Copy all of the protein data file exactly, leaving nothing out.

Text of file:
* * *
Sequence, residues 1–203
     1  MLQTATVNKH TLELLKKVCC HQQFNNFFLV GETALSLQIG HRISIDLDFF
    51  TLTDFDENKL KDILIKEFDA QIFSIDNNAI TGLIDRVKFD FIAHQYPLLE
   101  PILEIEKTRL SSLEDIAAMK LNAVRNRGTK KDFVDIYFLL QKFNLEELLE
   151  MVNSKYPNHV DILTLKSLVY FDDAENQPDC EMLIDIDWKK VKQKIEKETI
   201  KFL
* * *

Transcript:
Sequence, residues 1–203
     1  MLQTATVNKH TLELLKKVCC HQQFNNFFLV GETALSLQIG HRISIDLDFF
    51  TLTDFDENKL KDILIKEFDA QIFSIDNNAI TGLIDRVKFD FIAHQYPLLE
   101  PILEIEKTRL SSLEDIAAMK LNAVRNRGTK KDFVDIYFLL QKFNLEELLE
   151  MVNSKYPNHV DILTLKSLVY FDDAENQPDC EMLIDIDWKK VKQKIEKETI
   201  KFL